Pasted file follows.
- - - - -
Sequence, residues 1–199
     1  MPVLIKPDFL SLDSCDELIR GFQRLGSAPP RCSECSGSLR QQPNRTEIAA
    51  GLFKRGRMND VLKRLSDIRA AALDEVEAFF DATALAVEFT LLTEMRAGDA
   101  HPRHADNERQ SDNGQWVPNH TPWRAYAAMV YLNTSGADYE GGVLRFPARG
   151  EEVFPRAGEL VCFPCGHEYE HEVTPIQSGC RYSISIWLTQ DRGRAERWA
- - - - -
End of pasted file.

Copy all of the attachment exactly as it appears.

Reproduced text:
Sequence, residues 1–199
     1  MPVLIKPDFL SLDSCDELIR GFQRLGSAPP RCSECSGSLR QQPNRTEIAA
    51  GLFKRGRMND VLKRLSDIRA AALDEVEAFF DATALAVEFT LLTEMRAGDA
   101  HPRHADNERQ SDNGQWVPNH TPWRAYAAMV YLNTSGADYE GGVLRFPARG
   151  EEVFPRAGEL VCFPCGHEYE HEVTPIQSGC RYSISIWLTQ DRGRAERWA